This is the first of these guides. I hope to do two or three per week. It shows the Astrological/Qabalistic/Elemental influences upon Waite’s divinatory meanings and Colman Smith’s layouts for the minor arcana. The little memo pad callouts represent the end result in divinatory meanings and/or layout. As a Venn diagram, it displays how each of the influences interact with the other influences, resulting in the divinatory meanings, and often, the components of the layout. You’ll find a little more detail on the structure and purpose of these guides at the introductory page, here.
You’ll find a download link for an Adobe Acrobat PDF below. It’s been formatted for standard letter size, with an extra space at the left margin, for those who wish to print and save them in a looseleaf binder. There’s also a bitmap at right that you can click and view (and “save as” if you prefer, though in almost all cases the PDF should print at a better resolution).
We will use the introductory pages to post any additional notes regarding the card that don’t necessarily have to do anything with tracing the sources of the divinatory meanings.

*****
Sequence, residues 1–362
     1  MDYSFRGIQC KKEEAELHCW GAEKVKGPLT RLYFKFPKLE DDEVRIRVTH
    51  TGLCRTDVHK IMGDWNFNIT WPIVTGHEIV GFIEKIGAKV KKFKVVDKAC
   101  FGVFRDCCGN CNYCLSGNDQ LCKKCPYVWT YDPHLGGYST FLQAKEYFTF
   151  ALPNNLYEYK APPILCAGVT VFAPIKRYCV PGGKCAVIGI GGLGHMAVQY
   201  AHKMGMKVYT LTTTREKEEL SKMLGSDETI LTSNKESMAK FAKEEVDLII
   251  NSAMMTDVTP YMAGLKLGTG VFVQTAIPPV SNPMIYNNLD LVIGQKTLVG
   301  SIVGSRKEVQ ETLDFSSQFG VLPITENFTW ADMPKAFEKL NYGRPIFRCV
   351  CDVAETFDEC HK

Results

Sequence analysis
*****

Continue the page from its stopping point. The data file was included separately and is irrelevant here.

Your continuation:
Notes on the Two of Wands
- I think it’s safe to say that very few modern readers bring up Alexander the Great’s world weariness (Alexander is pictured in the feature image) when interpreting this card for their clients! This is one of those cards where it’s much easier to stick to the other aspects of the divinatory meanings, i.e., wealth, ambition/planning and worry.
- There’s a particularly heavy emphasis on the GD esoteric meaning for the card (“Dominion),” which stemmed from the Qabalistic assignment to Chokmah as well as the Zodiac assignments in this case. This emphasis is odd in light of Waite’s written words regarding the “rose, cross and lily.”
The GD rose cross symbol, which the top of the hierarchy wore with a chain around their neck, over their heart, and which is pictured at right, is supposed reconcile divinity and human nature. Perhaps Waite and Colman Smith seek to convey that Alexander’s mortification is due to the fact that he looks at the globe rather than at the religious symbol at his feet, below his gaze.
- The lily, of course, is a well known Christian symbol representing the purity of the Virgin Mary.
Revision history:Updated bitmap and pdf 2019-08-07. “Prettier” circles in the Venn diagram and change of font color in the post-its for improved legibility.Updated bitmap and pdf 2019-08-09. Fixed graphic order for CC box.
Copyright Information: This article’s content by John Iacovelli, for islevue.com is licensed under a Creative Commons Attribution 4.0 International License. Permissions beyond the scope of this license may be available at mailto:firstname.lastname@example.org.